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#1 hockey97  Icon User is offline

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NSP...ISP? NEED SOME HELP TO HOST MY OWN SERVER.

Post icon  Posted 08 November 2008 - 12:38 PM

Ok, I talked to my telephone company well my dads.

we pay 50 bucks a month on wow broadband internet and they have policies against running a server on their line.

So my telephone just got up a new dsl system. They offer 50 bucks a month for a dedicated dsl line both a syn and the other syn.

I talked to the sales rep they didn't know the tech stuff so they told me call this number it was their tech specialist.

I asked them I am planning to host my own server. They said that they have no policies against running servers and they said that there is no limit on bandwidth.

So I want to switch to them. I talked with my dad and he said sounds good but he wants me to finish making my website before we switch.


I would like to know what does a server need to make sure my websites are not effected by poor performance from the server.


I am currently having a interview with a company to work as a php programmer. I plan to save up and then build my own server.

I also want to know who I can extend hard drives for a server or a computer ect.

I have seen google and yahoo facilites that showed cabenits that have robotic arms in them that would attach hard drives when called for.

Is there any way where I can have one computer that would be wonnected to all hard drives. Lets say If I get 156 hard drives al 500gb.

What could I do to connect all that in one???

I notice alto of big websites really do that alot of memory to store alot of stuff.

just look at myspace .


So I would like to know what I need to have for my server in order to keep my website running.



I know backup generators, ram, cpu, and gpu, and hard drives are important for a server.


I plan to build my own backup generator when I save up and start building my own server.

I currently use one computer but I have 2 comptuers. I plan to put linux on the 2nd one and us it as a backup server.

thanks for your times.


I also talked to a NSP that gives networks to google and yahoo called cogent but they are very expensive.

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Replies To: NSP...ISP? NEED SOME HELP TO HOST MY OWN SERVER.

#2 Martyr2  Icon User is offline

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Re: NSP...ISP? NEED SOME HELP TO HOST MY OWN SERVER.

Posted 08 November 2008 - 02:16 PM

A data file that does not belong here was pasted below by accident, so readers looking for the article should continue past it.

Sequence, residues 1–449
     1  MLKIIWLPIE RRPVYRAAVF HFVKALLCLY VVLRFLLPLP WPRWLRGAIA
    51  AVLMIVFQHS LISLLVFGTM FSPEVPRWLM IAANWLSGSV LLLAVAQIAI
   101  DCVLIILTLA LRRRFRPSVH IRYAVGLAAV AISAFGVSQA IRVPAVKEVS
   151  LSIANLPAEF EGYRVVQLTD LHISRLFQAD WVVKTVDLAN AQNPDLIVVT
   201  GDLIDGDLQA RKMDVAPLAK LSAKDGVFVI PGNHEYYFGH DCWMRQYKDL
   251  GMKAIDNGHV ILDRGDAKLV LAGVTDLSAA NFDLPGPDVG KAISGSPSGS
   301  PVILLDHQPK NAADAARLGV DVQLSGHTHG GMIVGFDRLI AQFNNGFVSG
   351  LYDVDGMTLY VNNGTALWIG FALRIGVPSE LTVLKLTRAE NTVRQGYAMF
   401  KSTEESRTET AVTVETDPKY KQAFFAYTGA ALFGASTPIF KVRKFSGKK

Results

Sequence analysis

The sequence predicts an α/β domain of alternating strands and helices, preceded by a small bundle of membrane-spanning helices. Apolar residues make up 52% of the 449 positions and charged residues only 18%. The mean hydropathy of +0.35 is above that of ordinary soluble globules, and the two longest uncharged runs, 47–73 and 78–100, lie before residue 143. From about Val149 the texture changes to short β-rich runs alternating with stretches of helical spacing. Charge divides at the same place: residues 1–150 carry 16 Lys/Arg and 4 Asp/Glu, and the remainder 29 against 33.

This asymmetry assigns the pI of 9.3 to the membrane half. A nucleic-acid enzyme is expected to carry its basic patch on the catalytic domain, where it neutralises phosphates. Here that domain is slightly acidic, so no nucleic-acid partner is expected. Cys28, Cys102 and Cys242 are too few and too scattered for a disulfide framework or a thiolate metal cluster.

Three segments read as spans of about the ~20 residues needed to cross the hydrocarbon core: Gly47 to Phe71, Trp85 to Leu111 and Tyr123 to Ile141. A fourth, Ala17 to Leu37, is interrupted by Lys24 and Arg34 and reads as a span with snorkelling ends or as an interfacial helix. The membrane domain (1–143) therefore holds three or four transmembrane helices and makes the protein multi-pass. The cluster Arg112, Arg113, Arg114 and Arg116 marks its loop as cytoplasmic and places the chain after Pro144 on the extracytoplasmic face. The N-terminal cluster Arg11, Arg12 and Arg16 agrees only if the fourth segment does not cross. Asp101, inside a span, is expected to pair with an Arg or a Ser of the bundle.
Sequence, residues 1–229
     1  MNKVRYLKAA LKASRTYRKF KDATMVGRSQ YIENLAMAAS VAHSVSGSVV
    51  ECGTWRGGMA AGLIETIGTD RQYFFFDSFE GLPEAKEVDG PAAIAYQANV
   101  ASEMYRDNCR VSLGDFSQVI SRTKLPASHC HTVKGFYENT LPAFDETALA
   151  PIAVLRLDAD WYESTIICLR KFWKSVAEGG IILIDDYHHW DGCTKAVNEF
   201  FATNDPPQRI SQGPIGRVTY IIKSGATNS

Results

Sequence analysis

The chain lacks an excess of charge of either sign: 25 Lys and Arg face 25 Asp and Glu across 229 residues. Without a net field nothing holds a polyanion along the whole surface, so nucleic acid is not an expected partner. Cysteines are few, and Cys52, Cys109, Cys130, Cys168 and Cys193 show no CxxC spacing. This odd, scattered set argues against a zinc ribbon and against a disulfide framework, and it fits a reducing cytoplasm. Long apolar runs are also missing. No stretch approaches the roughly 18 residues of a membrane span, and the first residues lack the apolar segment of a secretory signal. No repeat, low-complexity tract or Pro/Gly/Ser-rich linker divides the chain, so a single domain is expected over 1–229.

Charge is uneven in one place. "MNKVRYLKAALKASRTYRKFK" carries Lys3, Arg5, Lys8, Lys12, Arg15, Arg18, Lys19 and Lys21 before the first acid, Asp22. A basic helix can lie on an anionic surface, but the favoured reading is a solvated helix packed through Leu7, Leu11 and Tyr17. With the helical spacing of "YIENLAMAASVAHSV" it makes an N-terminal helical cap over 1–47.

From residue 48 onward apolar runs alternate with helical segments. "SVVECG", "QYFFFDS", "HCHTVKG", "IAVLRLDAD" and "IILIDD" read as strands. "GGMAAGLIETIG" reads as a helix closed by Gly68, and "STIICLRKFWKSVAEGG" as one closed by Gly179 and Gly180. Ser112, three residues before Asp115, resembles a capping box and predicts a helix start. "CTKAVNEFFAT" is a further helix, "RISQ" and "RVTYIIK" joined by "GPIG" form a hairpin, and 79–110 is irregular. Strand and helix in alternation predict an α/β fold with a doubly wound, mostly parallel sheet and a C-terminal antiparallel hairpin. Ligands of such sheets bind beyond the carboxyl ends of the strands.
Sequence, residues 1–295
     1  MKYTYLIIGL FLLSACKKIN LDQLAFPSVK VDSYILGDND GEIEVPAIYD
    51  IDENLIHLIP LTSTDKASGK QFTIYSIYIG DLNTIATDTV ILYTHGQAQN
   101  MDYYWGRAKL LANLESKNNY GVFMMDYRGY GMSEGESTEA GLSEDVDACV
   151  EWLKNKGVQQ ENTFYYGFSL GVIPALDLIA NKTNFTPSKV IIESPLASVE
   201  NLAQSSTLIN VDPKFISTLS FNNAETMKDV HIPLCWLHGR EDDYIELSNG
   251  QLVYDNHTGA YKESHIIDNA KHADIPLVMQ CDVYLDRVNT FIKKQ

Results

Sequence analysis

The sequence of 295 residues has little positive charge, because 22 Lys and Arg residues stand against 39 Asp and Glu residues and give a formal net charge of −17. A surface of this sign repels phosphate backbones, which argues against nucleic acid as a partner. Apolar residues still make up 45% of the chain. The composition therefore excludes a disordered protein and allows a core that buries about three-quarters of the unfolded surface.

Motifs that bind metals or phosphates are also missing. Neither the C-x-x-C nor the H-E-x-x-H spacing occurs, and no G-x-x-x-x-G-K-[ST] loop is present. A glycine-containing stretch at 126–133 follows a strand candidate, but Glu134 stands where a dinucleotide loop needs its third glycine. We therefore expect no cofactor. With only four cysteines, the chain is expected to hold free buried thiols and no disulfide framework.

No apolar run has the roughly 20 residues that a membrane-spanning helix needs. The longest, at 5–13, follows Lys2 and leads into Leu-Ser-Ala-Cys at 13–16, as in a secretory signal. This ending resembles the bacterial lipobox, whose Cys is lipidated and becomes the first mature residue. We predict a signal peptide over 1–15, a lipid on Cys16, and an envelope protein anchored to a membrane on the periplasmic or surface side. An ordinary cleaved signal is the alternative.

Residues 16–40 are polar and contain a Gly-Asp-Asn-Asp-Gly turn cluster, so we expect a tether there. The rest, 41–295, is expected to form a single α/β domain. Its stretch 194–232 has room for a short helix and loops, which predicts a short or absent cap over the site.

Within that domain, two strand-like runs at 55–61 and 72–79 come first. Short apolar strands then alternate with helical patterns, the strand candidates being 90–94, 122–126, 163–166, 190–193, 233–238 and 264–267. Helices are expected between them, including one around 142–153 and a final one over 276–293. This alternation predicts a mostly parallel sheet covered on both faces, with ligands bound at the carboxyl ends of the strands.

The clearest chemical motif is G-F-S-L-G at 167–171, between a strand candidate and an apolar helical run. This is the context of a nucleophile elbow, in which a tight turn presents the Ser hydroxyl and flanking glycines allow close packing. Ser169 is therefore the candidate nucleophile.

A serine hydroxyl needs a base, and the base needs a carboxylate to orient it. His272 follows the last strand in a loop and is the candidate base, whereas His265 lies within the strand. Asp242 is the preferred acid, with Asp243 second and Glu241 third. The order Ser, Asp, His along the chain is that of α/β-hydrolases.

Well first... the fact that you are going to be on a DSL line isn't the best way to run a high uptime high performance server because you not only need unlimited bandwidth but you need really good high speed bandwidth.

But for your first server a DSL would be just fine... just don't expect it to be high performance all the time.

Second you are going to need a mix of good software and hardware. I recommend running your primary server using linux if you can, but you can also create a windows server.

Next you will need software that tells the computer to serve HTML pages and files. This is called http or web server software. You might have heard of IIS for windows or Apache for Linux systems. These software items essentially listen for incoming connections from others, determine who sees what, fetches the documents requested and sends it back to the user.

Then the hardware you should have a very good CPU and motherboard. I recommend a Xeon chip if you can, or any other multicore processor will work fine these days. The motherboard should have a very good "Front side bus". This is the connection between the processor and the RAM and ideally you would want something like 1333 hz. For RAM you will want top grade and I recommend at least 3-4 Gigs of Ram. If you are running a windows server that is 32bit, you will be limited at 4 Gigs but I find this more than adequate.

As for hard drives, you will want high speed drives (Typically SATA or SAS drives) and you will want them in a RAID configuration. This makes the drives linked together and act as one. This will allow the drives to be fault tolerant. So if you lose a hard drive, the others will take over and you can continue to operate until you get another drive to replace the one that went down. If budget is a concern here, I recommend a RAID level 1 setup (disk mirroring) but if you can get it the best I find is RAID 5 (disk striping with parity).